By Elizabeth F. McNamara
When the worldwide Methodist General Conference rejected a compromise in late February that would have allowed individual congregations to decide whether or not to allow gay marriage, it was a blow for members of the United Methodist Church in East Greenwich.
The East Greenwich church has been what’s called a “reconciling congregation” – one seeking inclusion of people of all sexual orientation – since 2014. But it wasn’t until this most recent action on the part of the General Conference that the congregation decided it needed to wear its colors on its sleeve, so to speak. They put up a rainbow flag signifying their solidarity with members of the LGBTQ community. Actually, the first flag was a piece of fabric left over from Joseph’s coat of many colors, from a dramatization of the Old Testament story.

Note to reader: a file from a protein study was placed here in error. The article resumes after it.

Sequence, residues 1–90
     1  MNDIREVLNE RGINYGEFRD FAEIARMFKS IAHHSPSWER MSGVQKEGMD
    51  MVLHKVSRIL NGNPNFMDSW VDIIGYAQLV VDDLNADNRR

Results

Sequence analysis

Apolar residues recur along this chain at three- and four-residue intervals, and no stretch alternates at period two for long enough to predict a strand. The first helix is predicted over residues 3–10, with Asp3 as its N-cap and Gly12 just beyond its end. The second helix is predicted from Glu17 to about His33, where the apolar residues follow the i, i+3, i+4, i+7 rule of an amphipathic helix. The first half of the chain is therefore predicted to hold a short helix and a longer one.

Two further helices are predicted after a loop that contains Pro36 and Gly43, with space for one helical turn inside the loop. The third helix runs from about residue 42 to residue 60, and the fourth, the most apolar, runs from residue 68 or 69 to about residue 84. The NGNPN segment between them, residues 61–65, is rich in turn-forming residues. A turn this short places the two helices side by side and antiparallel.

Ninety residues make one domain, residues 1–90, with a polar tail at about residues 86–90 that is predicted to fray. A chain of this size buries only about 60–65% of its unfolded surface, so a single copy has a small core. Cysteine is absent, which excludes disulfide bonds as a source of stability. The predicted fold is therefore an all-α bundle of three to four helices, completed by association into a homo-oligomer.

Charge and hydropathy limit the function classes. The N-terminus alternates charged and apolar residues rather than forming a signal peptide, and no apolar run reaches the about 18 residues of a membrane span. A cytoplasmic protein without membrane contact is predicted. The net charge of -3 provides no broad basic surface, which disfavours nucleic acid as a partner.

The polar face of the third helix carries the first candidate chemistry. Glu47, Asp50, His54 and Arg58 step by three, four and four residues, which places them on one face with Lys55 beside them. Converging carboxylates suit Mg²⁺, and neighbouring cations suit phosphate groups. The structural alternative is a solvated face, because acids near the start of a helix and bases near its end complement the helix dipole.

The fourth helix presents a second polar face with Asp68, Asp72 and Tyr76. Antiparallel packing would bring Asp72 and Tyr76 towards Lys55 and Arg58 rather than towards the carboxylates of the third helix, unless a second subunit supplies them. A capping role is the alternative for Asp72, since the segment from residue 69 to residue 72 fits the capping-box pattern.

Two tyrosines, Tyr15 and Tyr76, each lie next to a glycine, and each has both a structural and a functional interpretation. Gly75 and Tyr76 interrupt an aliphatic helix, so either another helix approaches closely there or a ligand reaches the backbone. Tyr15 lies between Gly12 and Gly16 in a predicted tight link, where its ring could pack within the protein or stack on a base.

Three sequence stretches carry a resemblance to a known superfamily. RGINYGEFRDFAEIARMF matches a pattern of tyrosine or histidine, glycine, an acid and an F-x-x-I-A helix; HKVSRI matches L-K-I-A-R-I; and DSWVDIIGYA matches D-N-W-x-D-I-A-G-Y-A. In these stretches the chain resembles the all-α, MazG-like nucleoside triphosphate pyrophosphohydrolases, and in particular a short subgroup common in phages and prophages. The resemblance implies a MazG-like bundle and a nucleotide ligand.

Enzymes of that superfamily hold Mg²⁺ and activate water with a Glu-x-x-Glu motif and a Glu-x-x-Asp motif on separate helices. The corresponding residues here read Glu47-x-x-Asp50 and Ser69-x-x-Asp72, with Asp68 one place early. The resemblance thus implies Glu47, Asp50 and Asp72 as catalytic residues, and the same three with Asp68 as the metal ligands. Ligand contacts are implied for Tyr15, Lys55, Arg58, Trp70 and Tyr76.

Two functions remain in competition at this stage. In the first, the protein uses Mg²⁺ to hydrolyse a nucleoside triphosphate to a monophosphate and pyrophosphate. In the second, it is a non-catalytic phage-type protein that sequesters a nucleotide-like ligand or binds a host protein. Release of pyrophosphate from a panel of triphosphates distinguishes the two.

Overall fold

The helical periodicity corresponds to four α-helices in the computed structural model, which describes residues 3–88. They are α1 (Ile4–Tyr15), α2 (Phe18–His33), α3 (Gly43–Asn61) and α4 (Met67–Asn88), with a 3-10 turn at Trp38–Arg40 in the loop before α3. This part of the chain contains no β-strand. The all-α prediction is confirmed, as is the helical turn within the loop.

But they ordered a more traditional rainbow flag and when it arrived earlier this month, they hung it up by their sign on South County Trail. It lasted just five days. Sometime between Sunday night and Monday morning, the rainbow flag was cut down.
“It was only a flag, of course,” wrote pastor Bill Trench in a recent blog post. “It’s not a big deal. No one was injured and there was no related property damage. But now that it is gone it feels like we have lost more than a flag. How can anyone hate anyone that much?”
Trench said they had no information about who might have cut down the flag. Rather, they are focusing on replacing the flag. Several people, from the congregation and not, have offered to buy a new flag for the church. One is on order. As they wait for their new rainbow flag to arrive, that coat-of-many-colors fabric is back there as a place holder.
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